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K-12 EDUCATION

K-12 Education

Primary and secondary education accounts for 20 percent of state general fund expenditures, making it the second largest component of state spending behind Medicaid.  That a large chunk of state budgets are devoted to K-12 education is not surprising given that together, states and  localities, pay more than 90 percent of the cost of public K-12 education, according to the State Budget Crisis Task Force.

Despite the millions of state dollars poured into K-12 education every year, America's school systems are failing to turn out successful students, as a Harvard study showed that U.S. math and reading competency scores fell below the global average. See our study "Throwing Money At Education Isn't Working" to learn what your state is pending, how students there are performing, and how that ranks with the rest of the country.

States need to fix their education problems, and they need to find budget-friendly ways to do so. Here are our Top 5 Questions to Ask Your School Board Officials About the School Budget.

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    • HEADLINES: Tennessee

      Tennessee House approves Common Core delay

      Tennessean | by Chas Sisk | March 14, 2014

      Tennessee lawmakers voted to delay the Common Core education program for two years, as opponents staged an ambush Thursday morning on the floor of the state House.

    • LEGISLATION: Louisiana

      Common Core likely to push state budget out of spotlight during 2014 legislative session

      New Orleans Times-Picayune | by Lauren McGaughy and Julia O'Donoghue | March 11, 2014

      This year, the fight over the one-time money and fund sweeps will likely take a back seat to what are expected to be fierce battles over education funding and control and the tougher academic standards called Common Core.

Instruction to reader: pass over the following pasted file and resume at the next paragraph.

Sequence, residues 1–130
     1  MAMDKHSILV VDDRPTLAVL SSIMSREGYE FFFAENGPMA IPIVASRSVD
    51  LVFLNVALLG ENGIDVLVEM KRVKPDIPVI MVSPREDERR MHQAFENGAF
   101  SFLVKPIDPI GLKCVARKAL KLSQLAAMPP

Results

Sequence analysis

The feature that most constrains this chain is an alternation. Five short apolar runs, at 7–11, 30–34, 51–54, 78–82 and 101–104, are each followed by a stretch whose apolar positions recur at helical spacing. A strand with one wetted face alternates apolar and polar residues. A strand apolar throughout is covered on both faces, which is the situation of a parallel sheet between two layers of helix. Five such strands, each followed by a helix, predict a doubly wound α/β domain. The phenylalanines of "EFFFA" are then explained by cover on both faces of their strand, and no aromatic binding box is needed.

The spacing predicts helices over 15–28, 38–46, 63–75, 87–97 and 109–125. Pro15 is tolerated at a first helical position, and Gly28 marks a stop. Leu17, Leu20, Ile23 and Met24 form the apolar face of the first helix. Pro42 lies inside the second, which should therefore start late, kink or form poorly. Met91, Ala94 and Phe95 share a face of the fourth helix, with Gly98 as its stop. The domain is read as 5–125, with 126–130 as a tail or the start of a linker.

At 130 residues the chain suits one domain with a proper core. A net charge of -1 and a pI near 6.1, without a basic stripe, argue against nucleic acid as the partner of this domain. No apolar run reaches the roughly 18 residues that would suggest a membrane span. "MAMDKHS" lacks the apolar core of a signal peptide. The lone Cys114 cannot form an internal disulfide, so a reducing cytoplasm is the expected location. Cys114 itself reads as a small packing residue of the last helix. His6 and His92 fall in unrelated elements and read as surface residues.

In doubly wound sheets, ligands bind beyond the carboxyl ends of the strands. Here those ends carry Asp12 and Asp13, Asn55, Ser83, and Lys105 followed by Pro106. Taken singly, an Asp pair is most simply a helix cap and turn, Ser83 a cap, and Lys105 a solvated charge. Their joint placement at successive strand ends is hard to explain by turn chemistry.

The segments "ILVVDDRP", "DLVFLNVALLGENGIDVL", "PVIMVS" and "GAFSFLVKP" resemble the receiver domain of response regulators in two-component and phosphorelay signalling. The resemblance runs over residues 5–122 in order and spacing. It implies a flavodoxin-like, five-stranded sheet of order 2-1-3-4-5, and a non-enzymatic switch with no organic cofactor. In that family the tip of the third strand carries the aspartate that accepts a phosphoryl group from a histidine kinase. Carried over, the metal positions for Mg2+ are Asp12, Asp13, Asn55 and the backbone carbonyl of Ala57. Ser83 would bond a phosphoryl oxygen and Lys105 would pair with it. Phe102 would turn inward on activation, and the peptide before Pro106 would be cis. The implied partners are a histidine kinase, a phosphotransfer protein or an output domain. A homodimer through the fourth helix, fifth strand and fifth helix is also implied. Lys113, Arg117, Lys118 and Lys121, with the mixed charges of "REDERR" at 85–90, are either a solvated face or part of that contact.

• HEADLINES: New Mexico

      Governor Martinez signs $6B state budget

      KRQE | by Lysee Mitri | March 11, 2014

      As signed, the $6.15 billion budget increases state spending by 4.3% over the current fiscal year. Education spending increases by 5.75% to a record high of $2.7 billion.

    • HEADLINES: Colorado

      As Colorado legislature enters second half, budget is among top priorities

      The Denver Post | by Kurtis Lee | March 10, 2014

      At the midway point of the session, dozens of bills with fiscal impacts remain in House and Senate appropriations committees, where some are likely to be rejected.

    • HEADLINES: Washington

      House OKs supplemental budget; Senate negotiations next

      The Seattle Times | March 5, 2014

      The measure makes adjustments to the $33.6 billion, two-year state operating budget approved by the Legislature last year.

    • HEADLINES: Michigan

      Coalition wants $275M more in direct state aid for classrooms

      The Detroit News | by Chad Livengood | February 28, 2014

      A coalition of public school advocates on Thursday proposed an alternative to Gov. Rick Snyder's education budget that would give school districts $250 to $291 more per student next year.

    • HEADLINES: Alabama

      Alabama Senate approves education budget that includes 1 percent teachers' bonus, cut for ASU

      AL.com | by Mike Cason | February 28, 2014

      The $5.9 billion budget would provide $10 million to hire about 250 more middle school teachers statewide.

    • HEADLINES: Washington

      State Senate adds education money to budget; no teacher raises

      The Seattle Times | by Lisa Baumann | February 28, 2014

      Senate Bill 6002 passed on a 41-8 vote. Under the spending plan, the State Need Grant Program would receive an additional $5 million related to the immigrant financial-aid bill known as the Dream Act or Real Hope Act. Gov. Jay Inslee signed the related bill into law Wednesday.

    • HEADLINES: Washington

      Washington Senate budget would add money for schools

      The Spokesman-Review | by Jim Camden | February 25, 2014

      Public schools would get more money for math and science supplies and state colleges would keep tuition from going up in a proposal released by Washington Senate budget writers.

    • HEADLINES: Wisconsin

      Wisconsin's Legacy for Unions

      New York Times | by Steven Greenhouse | February 24, 2014